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Cop aims for armed citizens

KATIE LOOBY
grand county correspondent
Special to the DailyBob Dillon teaches one of his students in his increasingly popular concealed-carry firearm course near Kremmling. Students learn about the law, safety and proper shooting techniques.
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A Kremmling police officer who started his own business teaching a course on carrying a concealed weapon can barely keep up with the demand.

“It snowballed,” said Bob Dillon, who offers the classes independently of his work as a cop. “It’s becoming more than I can do on my own.”

About 230 people already signed up to take the course this year, compared with the nearly 100 students who registered last year, and Dillon has enlisted his children to help with the instruction that is attracting people from across the state to Kremmling.

“This course teaches confidence,” he said.

“(It’s) for somebody who wants to protect themselves,” he said.

The basic course lasts eight hours and can be completed in one day.

Dillon, 52, allows 20 students in each of his classes, which include information and training about the Colorado statues related to concealed-carry permits, weapon and safety information.

“I just believe in armed citizens,” he said. “I always have and always will.”

Dillon, 52, has been a police officer for nearly 20 years and is chairman of the local chapter of Friends of the National Rifle Association Foundation.

He is certified as a police firearms instructor in handgun and shotgun; certified by the FBI in shotgun and pistol; and is certified by the NRA in police handgun, police shotgun and police patrol rifle, and is a certified pistol and personal protection instructor.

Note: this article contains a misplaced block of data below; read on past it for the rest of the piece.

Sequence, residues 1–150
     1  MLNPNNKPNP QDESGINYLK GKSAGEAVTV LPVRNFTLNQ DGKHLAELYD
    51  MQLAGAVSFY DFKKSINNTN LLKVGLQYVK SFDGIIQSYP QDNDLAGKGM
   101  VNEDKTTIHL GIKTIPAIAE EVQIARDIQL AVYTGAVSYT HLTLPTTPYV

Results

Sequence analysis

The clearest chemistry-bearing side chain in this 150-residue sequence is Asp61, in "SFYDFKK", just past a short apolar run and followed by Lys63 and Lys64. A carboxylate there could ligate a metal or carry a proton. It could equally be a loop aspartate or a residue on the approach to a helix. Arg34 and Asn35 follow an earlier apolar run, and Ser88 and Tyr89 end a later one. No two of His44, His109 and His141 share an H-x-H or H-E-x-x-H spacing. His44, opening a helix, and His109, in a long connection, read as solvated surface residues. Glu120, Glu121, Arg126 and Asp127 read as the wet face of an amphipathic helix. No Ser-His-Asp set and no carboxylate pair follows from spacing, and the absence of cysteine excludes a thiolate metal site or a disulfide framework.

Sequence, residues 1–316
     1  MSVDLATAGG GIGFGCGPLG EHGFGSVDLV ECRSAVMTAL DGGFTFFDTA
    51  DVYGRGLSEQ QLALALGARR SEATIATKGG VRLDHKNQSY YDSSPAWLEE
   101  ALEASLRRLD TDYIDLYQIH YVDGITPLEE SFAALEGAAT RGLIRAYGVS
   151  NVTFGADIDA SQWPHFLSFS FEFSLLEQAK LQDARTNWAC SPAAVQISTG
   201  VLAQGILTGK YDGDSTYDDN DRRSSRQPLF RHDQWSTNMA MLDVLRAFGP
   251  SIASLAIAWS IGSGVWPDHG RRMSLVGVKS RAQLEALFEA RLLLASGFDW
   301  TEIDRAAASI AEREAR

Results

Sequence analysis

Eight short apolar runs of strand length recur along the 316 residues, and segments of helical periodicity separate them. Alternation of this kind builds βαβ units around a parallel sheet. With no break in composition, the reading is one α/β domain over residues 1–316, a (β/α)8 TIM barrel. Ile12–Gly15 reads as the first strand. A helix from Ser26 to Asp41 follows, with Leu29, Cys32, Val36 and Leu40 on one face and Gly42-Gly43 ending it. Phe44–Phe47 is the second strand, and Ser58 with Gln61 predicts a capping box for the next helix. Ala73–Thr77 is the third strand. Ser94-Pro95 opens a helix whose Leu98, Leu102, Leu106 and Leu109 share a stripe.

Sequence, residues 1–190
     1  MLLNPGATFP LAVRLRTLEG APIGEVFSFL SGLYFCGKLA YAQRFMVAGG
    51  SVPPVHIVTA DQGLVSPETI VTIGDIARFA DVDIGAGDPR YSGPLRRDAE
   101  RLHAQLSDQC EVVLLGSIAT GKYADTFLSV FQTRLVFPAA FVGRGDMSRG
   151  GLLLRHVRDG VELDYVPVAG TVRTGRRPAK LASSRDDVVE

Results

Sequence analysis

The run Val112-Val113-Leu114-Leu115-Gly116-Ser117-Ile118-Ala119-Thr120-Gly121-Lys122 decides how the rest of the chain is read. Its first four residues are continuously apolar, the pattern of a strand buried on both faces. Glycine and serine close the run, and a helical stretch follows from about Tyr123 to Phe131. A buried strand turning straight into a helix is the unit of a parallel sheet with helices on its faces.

Carrying a concealed weapon is legal in Colorado with proper training and permitting, and Dillon said that crime is lower in states that allow gun permits.

“It is a deterrent,” Dillon said. “The bad guys don’t know who has a gun out there.”

About a quarter of his classes are attended by women.

People from all occupations sign up, including doctors, lawyers, judges, construction workers and students, he said.

“I get a kick out of watching them,” Dillon said.

“It ends up being a real fun day.”

Each participant shoots 100 to 150 rounds at the range at the Blue Valley Sportsmans Club Range, located on Colorado 9, about 11 miles south of Kremmling.

If students pass the course, they receive a certificate that allows them to apply for a concealed weapon permit.

After the course is completed, students can continue to learn in the advanced classes he offers. He also teaches defensive shotgun and assault-rifle classes.

Students in the self-defense class learn, “how to avoid getting in a situation, but if you do get in a situation, how to get out of it,” Dillon said.

“Our main concern is that everyone’s safe,” Dillon said.

“We want them to feel that they can win if they get into a confrontation.”


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